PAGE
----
Wednesday, November 04, 2009

The stress with wedding bells

I saw this article from StarMetro today. It really describes what I am feeling right now.


[ “WHAT?? You’re booking the hotel one year in advance? Is that normal?” That was the reaction of one of my dear friends, Jothi, who is Malaysian but is apparently not Malaysian-ised enough to know that auspicious wedding dates are hotter than fresh pisang goreng.

My wedding is indeed set for the following year, but every person who has gone through the process of organising their wedding have advised me to secure the wedding reception venue early.

When I attended a friend’s wedding in Australia, I was shocked at how small the wedding reception was.

The weddings I’ve attended in Malaysia are anything but modest.

“You guys have up to A THOUSAND people at your weddings?!” exclaimed my Aussie mate. “Wow, Malaysian people sure have heaps of friends and family,” he concluded.




My non-Malaysian friends are boggled by the fact that the bride and groom may not even know some of the guests who turn up at their wedding.

“So who are these people, then?”

“Well, they could be long-lost relatives, a classmate or business associate of the bride and groom’s parents.”

Once I explained that little bit of fact about Malaysian-Chinese weddings, I do find our traditions somewhat ironic.

The wedding day is meant to celebrate the union of the bride and groom. A wedding reception is held for the newly-wedded to share their joy with the people closest and dearest to them and is a way for the couple to show their appreciation to the people who’ve touched their lives.

That is the way of the West. In the East however, a wedding reception is also a huge celebration not only for the bride and groom, but also for the couple’s parents and grandparents.

Till this day, you’ll find that many Chinese wedding invitations are issued not by the bride and groom, but by their parents.

Therefore, if the bride and groom’s parents host the wedding reception, it makes sense that they would invite their friends, business associates and relatives that the bride and groom never knew existed.

One could argue that, for the bride and groom, the wedding reception is one of the most meaningful events of their lives; so how is it that they have to celebrate their union with people they don’t really know?

Knowing which direction my modern train of thoughts may travel to, my very astute mother has, over the years, cleverly instilled the idea that when the day arrives, many aspects of my wedding will be organised to honour the Chinese traditions.

If you think about it, honouring traditions is not such a bad thing. I mean, who would argue against receiving ang pau instead of toasters and candlesticks as wedding gifts?

As my future in-laws are Malaccans, our main wedding reception will be in Malacca with another in Kuala Lumpur for our friends and business associates.

“How many people are you inviting to your wedding in KL?” asked an acquaintance.

“I’m writing the guest list now and trying to keep it to 500 guests,” I said.

“Oh yeah, guest lists are very important, some people get offended if they’re not invited!”

I wasn’t sure how to react to his statement. If I didn’t invite him to my wedding, would he be offended?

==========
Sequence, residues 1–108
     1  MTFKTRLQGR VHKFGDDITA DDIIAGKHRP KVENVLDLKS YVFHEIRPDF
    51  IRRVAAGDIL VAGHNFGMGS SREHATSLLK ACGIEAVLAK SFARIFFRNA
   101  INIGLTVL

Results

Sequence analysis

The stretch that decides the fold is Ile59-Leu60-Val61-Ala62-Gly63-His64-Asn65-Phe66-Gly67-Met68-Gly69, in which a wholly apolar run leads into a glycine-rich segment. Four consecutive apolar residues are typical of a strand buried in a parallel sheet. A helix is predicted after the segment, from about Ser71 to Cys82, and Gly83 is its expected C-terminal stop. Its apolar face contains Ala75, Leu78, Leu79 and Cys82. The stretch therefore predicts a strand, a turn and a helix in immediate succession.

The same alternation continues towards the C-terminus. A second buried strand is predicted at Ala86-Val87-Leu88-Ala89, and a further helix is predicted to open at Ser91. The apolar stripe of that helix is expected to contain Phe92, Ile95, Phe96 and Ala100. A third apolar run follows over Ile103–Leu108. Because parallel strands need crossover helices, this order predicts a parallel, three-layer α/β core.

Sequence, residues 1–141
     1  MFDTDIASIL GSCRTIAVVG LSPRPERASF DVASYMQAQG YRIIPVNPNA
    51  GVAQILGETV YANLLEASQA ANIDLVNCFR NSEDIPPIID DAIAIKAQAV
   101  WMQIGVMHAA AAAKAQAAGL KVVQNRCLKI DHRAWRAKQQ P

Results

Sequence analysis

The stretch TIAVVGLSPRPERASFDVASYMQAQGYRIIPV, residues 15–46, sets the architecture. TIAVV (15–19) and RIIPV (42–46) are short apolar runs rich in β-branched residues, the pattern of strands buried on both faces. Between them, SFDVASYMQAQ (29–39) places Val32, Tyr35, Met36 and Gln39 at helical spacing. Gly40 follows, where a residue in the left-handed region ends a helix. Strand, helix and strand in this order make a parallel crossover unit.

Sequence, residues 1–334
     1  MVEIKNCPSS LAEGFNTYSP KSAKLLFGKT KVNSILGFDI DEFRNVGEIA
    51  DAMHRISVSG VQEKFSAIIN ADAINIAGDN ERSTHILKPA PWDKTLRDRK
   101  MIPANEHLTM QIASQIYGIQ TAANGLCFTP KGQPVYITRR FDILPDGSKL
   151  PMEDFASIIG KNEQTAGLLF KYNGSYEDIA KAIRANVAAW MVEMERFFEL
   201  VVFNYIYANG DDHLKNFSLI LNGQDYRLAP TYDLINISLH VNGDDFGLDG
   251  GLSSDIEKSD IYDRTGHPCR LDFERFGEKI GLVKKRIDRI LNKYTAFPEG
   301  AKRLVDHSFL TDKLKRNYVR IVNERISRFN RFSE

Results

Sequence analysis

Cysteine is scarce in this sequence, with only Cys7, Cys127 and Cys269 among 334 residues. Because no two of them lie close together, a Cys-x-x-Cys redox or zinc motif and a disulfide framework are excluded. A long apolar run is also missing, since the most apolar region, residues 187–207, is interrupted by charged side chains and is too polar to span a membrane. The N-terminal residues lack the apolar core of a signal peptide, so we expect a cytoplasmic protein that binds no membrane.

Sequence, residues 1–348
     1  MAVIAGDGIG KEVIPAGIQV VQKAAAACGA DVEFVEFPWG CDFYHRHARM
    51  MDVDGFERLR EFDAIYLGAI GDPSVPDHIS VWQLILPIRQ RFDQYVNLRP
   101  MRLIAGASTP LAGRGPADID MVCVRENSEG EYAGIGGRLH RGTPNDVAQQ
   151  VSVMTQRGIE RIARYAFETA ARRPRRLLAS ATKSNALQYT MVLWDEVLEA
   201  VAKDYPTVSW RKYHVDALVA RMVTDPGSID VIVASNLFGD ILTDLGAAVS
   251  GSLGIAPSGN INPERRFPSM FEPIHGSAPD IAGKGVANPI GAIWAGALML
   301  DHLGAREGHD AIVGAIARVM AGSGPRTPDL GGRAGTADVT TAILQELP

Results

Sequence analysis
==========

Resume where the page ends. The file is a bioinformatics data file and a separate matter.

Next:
Guest lists are such tricky businesses that they are almost political. I can appreciate why my parents and future in-laws have such a large guest list for the Malacca wedding.

Anyone reading this can probably figure out that I’m at the preliminary stages of organising my wedding.

I have no doubt that as the months whiz by as they always do, I would discover a lot more about the quirks, joys and stresses of organising such an important occasion.

Here’s to bridesmaids, décor themes, a beautiful cake and getting toned and fabulous for the big day next year. Wish me luck! ] - Article from StarMetro, 4th November 2009.


I am really tensed, and am sick of your indecisiveness and demands. I don't understand why until today you still cannot finalize the guest list for the relatives. Yes I know we have many relatives, but do you really invite all of them to our wedding reception? You assume they will turn up but what if they don't or vice verse? You told me you will ask when you see them in person, but now the thing is you don't see them and my wedding is about not far from now. Can you call them for confirmation? Do you know that we need to arrange for accommodation (esp. in Ipoh) and finalize the total tables with the banquet manager? A lot of couple end up having arguments with their parents because of wedding preparation. I don't want this to happen to us. So I told myself to be patient. Things will be fine eventually, hopefully. Nonetheless, sometimes I just find it is clueless trying so hard to fulfill what my parents ask for. Perhaps I am just a filial and obedient child. Thinking it this way makes me feel better, sigh. But I am just not happy. Please cheer me up.



Written by MM.

3 comments:

haan said...

Since u r already half-way, just endure the rest of it. Giving up now will also bring you to nowhere. perseverance.. u need them now..

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Marcia said...

Well,

To have the perfect attitude will make your planning easier. Your mind will set good ideas that will make your wedding etiquette. A wedding is a joyous occasion therefore to plan it must be fun. Couples should be persuaded to take responsibilities that go with the wedding. This is one big occasion that you will remember all through your lives.

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